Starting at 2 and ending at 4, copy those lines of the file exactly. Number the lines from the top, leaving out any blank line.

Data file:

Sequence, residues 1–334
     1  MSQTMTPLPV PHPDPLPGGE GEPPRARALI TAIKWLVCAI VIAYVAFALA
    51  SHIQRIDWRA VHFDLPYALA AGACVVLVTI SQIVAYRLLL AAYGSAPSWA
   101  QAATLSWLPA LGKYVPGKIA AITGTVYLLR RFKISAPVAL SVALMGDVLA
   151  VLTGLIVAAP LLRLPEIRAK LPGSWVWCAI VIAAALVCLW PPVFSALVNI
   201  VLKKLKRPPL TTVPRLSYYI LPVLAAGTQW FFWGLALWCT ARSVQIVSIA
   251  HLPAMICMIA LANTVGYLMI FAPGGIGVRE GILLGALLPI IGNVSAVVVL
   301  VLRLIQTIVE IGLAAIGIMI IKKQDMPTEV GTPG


     1  MSQTMTPLPV PHPDPLPGGE GEPPRARALI TAIKWLVCAI VIAYVAFALA
    51  SHIQRIDWRA VHFDLPYALA AGACVVLVTI SQIVAYRLLL AAYGSAPSWA
   101  QAATLSWLPA LGKYVPGKIA AITGTVYLLR RFKISAPVAL SVALMGDVLA